What is grade creep?

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This topic contains 3 replies, has 3 voices, and was last updated by  Mark Hammer 4 years, 11 months ago.

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  • #181423

    Elizabeth Sullivan

    I was reading a blog post about getting rid of the GS system and it mentioned grade creep, I’ve looked all over I and I can’t find out what it means, can anyone help me?

  • #181429

    Mark Hammer

    I assume it is the same as what we call “classification creep” on our side of the border. The notion is that positions gradually get classified higher over time, for the same duties and responsibilities. It’s a way of being able to pay more competitive wages and attract people, or hold onto staff who might leave for a promotion elsewhere. It can also occur if there is a discrepancy between what is considered “working level” in agency A vs B.

    I’ll also assume it doesn’t refer to that guy in your pay grade who keeps looking at you funny.

  • #181427

    Elizabeth Sullivan

    I get it now, thanks.

  • #181425

    Earl Rice

    In the US, it is normally associated with Washington DC Central Office positions. I.e. Position A is graded as a GS12 in St Louis, but the same standardized PD would grade out (or rate out…classifier term) as a GS13 in the DC area. The connotation is usually meant in a negative context that a person’s position is way overrated grade wise for the work being performed. The GS systems exists to standardize the pay for the same level of work throughout the government. When there is grade creep, it means someone is trying to have people make more money than what the scope and nature of the work of the position would warrant. Usually associated with fraud, waste, etc.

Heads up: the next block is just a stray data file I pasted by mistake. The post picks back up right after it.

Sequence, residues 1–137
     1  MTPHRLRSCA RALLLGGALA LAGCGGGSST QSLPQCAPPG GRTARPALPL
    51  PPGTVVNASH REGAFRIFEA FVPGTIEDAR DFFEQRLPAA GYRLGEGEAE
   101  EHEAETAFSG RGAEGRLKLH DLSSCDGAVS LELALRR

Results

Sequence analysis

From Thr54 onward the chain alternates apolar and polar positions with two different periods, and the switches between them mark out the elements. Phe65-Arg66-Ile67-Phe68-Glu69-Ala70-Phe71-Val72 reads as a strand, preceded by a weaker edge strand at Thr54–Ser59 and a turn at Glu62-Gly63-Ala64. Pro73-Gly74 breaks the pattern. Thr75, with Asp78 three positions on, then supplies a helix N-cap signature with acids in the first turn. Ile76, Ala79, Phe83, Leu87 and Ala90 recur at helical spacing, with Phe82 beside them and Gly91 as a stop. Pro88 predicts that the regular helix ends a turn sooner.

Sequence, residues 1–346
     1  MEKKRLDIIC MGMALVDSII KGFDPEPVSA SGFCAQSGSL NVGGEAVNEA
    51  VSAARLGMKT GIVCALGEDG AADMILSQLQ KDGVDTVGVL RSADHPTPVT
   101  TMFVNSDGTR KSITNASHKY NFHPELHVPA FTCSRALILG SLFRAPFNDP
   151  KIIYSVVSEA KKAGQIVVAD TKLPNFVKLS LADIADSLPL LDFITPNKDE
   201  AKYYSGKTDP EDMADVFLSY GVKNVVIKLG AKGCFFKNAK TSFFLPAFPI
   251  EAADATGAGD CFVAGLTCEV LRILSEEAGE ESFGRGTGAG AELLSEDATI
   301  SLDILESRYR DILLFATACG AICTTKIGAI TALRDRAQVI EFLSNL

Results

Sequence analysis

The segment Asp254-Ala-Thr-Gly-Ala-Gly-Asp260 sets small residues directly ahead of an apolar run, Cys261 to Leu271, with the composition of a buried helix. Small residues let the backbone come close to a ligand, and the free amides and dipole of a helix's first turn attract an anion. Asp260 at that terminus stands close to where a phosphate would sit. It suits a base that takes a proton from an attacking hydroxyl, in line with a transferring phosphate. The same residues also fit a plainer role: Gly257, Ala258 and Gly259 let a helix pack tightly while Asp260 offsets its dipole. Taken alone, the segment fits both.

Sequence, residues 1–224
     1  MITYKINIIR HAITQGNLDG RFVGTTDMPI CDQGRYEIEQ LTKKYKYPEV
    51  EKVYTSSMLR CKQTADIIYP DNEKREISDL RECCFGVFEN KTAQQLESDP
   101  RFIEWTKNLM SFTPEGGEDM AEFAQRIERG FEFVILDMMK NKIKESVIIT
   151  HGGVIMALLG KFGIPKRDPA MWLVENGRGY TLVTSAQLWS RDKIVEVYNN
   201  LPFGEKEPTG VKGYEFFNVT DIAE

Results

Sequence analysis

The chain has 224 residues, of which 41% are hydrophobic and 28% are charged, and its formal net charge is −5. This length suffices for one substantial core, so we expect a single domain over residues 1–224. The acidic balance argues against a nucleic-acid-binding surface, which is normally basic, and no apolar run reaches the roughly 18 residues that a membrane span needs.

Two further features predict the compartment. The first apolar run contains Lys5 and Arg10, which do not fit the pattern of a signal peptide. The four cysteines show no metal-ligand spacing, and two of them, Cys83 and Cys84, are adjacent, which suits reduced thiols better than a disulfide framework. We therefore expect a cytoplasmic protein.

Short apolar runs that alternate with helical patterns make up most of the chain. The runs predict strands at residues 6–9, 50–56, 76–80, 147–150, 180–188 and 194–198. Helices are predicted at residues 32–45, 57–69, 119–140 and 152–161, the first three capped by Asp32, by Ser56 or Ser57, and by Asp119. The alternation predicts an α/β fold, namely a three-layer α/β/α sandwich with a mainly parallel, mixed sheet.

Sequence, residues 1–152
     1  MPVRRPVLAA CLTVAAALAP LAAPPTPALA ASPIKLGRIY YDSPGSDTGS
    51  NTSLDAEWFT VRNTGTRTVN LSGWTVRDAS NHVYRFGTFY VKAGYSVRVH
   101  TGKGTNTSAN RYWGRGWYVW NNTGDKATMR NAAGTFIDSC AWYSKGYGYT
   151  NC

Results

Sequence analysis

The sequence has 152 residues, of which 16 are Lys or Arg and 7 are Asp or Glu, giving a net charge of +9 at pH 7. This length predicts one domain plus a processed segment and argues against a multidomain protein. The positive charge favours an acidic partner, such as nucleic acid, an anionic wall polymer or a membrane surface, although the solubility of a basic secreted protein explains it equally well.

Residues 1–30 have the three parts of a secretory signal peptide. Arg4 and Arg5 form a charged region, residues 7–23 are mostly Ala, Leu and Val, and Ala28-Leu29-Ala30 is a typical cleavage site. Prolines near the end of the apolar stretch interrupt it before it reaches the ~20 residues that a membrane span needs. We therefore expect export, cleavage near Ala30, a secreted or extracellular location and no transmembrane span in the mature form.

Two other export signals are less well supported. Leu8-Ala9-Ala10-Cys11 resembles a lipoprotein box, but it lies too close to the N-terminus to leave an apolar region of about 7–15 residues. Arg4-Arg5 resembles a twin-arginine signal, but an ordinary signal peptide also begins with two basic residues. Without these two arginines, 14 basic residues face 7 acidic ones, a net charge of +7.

Side note, the Title 5 system is based upon the grade of a position being based upon the scope and nature of the work of the position, ergo what the position is supposed to do, not the qualifications of the person in the position. Person has a PhD and they are filling a GS6 position, means that they are going to get GS6 pay, because that is the level of the scope and nature of the work of the position. They want more pay, then they will have to find a higher graded position to compete for. There are some other systems, like the VA’s Title 38 system, which is a rank in person system based upon the qualifications of the person. A VA Radiologist makes $345,000 [quite a few do]. Regardless of the position the Radiologist fills, they will still make $345,000 because their pay is based upon their qualifications and the local market pay for radiologist, not on the position in some organizational chart. VHA organizational charts are strange. You may see a Physician as the Chief (no grade there though, just the VM 602-00), next will be Assistant Chief (VM-602-00), and then 6 boxes marked Physicians (also labeled as VM-602-00). None will have a grade associated with it. And, all of them may be making different salaries based upon skills, certifications, etc. This is a rank in person system.

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